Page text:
Plot- Col. Katherine Powell, a military officer in command of an operation to capture terrorists in Kenya, sees her mission escalate when a girl enters the kill zone triggering an international dispute over the implications of modern warfare.
Review: Would you take an innocent life in order to potentially save 80, or would you spare that innocent life for definite and potentially condemn those 80 to death?
This is the question that hangs over Eye In The Sky and informs almost every single characters decision with the sole exception of the innocent, who’s sole aim is to sell enough bread to feed her family.
It’s a simple, tense set up as the various characters debating the moral, ethical, political and legal ramifications of pressing a button from the safety of their home base and unleashing death half a world away, and as the various one-note characters made their positions clear and the politicians try everything in their power to avoid having to make a decision.
And I do mean one-note the Americans are gung-ho, the politicians waver, Hellen Mirren and Alan Rickman (in his final live-action role) portray military commanders who just want to push the button and the actual drone pilot? He just wants to make sure that he’s legally in the clear after he pushes the button.
The film does have a surprising amount of black humor in it and more than a few chuckles could be heard during my screening- at least to begin with. Until the clock started ticking and it became clear that bureaucratic buck pushing could stop a decision being made at all.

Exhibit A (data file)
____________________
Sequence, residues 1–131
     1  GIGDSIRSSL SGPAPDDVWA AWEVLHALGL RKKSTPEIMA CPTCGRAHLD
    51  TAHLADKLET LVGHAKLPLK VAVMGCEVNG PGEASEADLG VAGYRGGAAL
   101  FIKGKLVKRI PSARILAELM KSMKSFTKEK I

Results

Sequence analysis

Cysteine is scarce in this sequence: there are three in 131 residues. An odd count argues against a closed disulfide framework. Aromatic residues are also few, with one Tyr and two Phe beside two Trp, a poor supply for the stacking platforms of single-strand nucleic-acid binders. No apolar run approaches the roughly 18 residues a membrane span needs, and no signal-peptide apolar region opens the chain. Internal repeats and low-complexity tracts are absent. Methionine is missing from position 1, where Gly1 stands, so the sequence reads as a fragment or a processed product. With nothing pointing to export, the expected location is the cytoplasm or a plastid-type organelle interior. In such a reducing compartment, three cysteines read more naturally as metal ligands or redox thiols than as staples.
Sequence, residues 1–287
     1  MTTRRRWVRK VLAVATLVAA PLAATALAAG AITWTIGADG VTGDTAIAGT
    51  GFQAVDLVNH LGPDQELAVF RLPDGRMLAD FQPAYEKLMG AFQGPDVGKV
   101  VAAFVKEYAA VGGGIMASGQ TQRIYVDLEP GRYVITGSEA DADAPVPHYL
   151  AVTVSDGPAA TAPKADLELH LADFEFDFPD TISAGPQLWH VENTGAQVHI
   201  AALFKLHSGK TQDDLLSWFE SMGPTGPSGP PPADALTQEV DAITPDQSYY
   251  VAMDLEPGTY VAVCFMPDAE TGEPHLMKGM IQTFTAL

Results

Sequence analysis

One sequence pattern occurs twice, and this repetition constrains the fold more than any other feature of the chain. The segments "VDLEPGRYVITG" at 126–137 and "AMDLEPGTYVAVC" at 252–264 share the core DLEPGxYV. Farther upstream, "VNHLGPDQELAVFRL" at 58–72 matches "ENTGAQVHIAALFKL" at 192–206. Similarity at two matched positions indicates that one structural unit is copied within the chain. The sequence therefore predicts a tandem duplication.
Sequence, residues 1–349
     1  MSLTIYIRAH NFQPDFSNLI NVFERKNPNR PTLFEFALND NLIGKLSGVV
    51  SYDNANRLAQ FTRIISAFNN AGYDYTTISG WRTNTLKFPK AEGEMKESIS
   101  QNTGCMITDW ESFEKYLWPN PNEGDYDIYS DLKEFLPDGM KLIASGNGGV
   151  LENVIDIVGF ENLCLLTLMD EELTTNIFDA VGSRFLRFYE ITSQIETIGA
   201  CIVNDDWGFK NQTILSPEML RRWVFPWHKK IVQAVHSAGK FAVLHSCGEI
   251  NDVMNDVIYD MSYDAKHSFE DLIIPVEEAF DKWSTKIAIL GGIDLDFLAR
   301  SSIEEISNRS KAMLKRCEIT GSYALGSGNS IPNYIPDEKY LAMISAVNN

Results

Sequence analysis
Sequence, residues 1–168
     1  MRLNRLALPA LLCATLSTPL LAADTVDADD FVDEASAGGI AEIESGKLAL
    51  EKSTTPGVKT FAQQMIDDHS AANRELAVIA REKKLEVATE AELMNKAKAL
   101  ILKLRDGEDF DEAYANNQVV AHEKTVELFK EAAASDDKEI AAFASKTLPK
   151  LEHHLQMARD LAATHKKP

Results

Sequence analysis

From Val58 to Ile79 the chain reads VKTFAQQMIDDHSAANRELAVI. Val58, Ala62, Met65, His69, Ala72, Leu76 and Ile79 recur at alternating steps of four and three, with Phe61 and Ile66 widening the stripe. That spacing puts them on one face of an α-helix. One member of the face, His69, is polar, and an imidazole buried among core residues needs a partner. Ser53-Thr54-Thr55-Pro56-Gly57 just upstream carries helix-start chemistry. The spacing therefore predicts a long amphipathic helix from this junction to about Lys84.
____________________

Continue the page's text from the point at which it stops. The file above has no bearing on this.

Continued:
Tick, tick tick…
Unfortunately, the film does let itself down in several key regards. It’s easily fifteen minutes too long and sometimes it does almost descend into farce, the low budget (13.3 million) shows in several keys scenes, a few of the gadgets are a little too James Bond for me. Also, how do I put this….
It’s way too liberal for it’s own good.
It makes its point about the legality, ethics and morality of Drone warfare with the subtlety of a sledgehammer and then keeps going, at times it felt like an episode of 24 being directed by The Guardian newspaper. A film like this, which is basically people staring at screens and yelling at each other, should be punchy- clocking in at roughly 90 minutes. Instead, this runs for almost two hours and it starts to lose some of it’s potency.
I did enjoy it and enjoyed listening to the debates that it spawned as I was leaving the auditorium, but feel that this had the potential to be much better than it was.
My Score- If Nothing Else